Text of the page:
As devastating as the fire was, the Garretts saw the unfortunate incident as an opportunity, and they quickly set out to re-imagine the Lodge experience from the ground up.  They partnered with a team local artisans, architects and tradesmen, and came up with a new design that paid homage to many of the original camp’s best characteristics, while also taking the opportunity to modernize the building’s substructure and incorporate all of today’s modern amenities.  And in 2008, a new Lake Placid Lodge (above) emerged from the ashes.


“Traditionally, estates were built and later turned into hotels,” says Castelhano, “but with this property, we were able to build a hotel and make it feel like an estate.  One of the qualifications we had when we rebuilt was that we didn’t want this brand new building to feel brand new, the craftsmanship had to be of a different era.”

The Beer & Nuts Throne, built by Barry Gregson

By working with so many individual talented local artisans, the resulting structure and its furnishing look and feel as if they’ve always been there.  “The whole concept for the rebuild was to pay homage to the original lodge,” Castelhano says.  “There are a lot of little things that we did to hint at the original, but we didn’t want to just recreate the original lodge in its entirety.”


Maggie’s Pub – The traditional Adirondack Game Room at The Lodge

Artisans like Barry Gregson, who hand built over 200 chairs for The Lodge, each one unique; Wayne Ignatuk, who built dozens of tables and other fine furniture; and PJ LaBarge, whose amazing lifelike bronze sculptures bring the wildlife indoors; are among the many craftspeople whose work is prominently featured throughout the property.


Handcrafted covered walkways connect the Main Lodge with the 17 Lakeside Cabins

“We really wanted there to be a unique feel in every single space,” Castelhano says.  “Every guest room only has three things in common:  a hand-crafted king-sized bed, a laid-stone wood-burning fireplace, and a deep soaking European tub.  No two rugs match, no two chairs match, no two coffee tables match.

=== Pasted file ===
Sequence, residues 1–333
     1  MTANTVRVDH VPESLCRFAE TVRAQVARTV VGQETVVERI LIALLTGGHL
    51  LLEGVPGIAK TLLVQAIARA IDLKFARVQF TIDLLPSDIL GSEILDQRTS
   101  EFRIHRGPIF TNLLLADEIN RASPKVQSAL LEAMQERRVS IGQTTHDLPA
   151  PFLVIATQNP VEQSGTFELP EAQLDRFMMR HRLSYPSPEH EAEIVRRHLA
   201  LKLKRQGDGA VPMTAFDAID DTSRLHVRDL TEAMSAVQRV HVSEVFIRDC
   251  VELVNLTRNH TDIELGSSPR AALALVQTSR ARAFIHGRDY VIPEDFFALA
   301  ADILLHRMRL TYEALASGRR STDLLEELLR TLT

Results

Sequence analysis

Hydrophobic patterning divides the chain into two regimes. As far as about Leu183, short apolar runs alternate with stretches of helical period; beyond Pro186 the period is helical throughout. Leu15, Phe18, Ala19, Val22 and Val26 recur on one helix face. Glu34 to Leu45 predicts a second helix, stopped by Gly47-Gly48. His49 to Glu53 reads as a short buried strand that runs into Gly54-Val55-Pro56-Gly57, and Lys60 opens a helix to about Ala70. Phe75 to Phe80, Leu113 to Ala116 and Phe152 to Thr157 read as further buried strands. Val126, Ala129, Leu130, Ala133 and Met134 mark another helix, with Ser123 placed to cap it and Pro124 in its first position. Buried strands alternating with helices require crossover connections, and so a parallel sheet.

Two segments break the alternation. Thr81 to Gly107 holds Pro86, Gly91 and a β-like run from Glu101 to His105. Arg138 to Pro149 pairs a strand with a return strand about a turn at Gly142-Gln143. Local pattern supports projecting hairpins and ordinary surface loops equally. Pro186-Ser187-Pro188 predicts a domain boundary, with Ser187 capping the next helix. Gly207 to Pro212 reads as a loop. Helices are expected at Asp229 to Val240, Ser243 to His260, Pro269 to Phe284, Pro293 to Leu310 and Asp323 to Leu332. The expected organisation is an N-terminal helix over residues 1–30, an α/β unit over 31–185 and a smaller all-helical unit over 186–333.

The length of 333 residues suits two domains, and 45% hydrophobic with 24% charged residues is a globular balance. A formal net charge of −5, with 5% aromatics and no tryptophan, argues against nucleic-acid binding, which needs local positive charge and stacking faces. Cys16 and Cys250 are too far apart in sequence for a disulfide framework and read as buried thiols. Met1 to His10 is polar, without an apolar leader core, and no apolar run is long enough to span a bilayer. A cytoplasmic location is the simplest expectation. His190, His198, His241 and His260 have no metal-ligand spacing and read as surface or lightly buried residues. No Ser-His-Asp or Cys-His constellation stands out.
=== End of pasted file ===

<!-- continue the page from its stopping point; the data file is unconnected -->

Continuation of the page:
“While the main lodge was rebuilt in the mid 2000s, the 17 lakeside cabins weren’t damaged in the fire, so while they were also updated during the restoration, they remain true to their original 1920s rustic charm, and because they’re all individual stand-alone cabins, they’re basically pin-drop quiet.


Eagle’s Eyre, One of the 17 Lakeside Cabins

“Our rooms are all so characteristically different because people are so characteristically different,” Castelhano continues.  “We have guests who’ve been coming here for years, and they’ve never stayed in the same room twice, and then we have other guests who stay in the same room every time they come.  It really is your own personal preference, and that’s one of the best things about The Lodge.”


The view overlooking Lake Placid from inside Eagle’s Eyre

Another great thing about staying at The Lodge are the complimentary boat tours offered every afternoon aboard the Lodge’s very own custom-built Hackercraft, the Christie.  This classic 35′ triple-cockpit mahogany motorboat can accommodate approximately a dozen people for an hour-plus private tour of Lake Placid, affording an opportunity to view many of the historic camps and beautiful homes that dot the lakeshore.  On the tour, you’ll get the full history of the lake and the Lodge, as well as good dose of local lore…

The Garretts remained the owners of the Lodge through the restoration, but following the downturn in the economy in 2008-2009, they felt it was best to part ways.  Today, the Lodge is operated by the family-owned Ocean Properties Ltd Company, as part of their Opal Collection, which also includes The Sagamore Resort, located just a couple hours away on Lake George.


With all of the unique and unforgettable experiences available at Lake Placid Lodge, it is without a doubt, one of most beautiful and well-appointed hotels that I’ve ever had the good fortune to have stayed at.  I had an amazing time there, and I hope to return again someday down the road, and hopefully you will too!

Many thanks to Thomas Huling, Kevin Pastore, and Stephen Castelhano at Lake Placid Lodge for their warm hospitality during my stay.  All images, unless otherwise noted were taken by David Kramer Photography.

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 For more information about Lake Placid Lodge, or to book reservations, please visit:Blank Space 10x800


144 Lodge Way
Lake Placid, NY 12946
Direct Phone: (518) 523-2700
Reservations (Toll-Free): 877.301.8485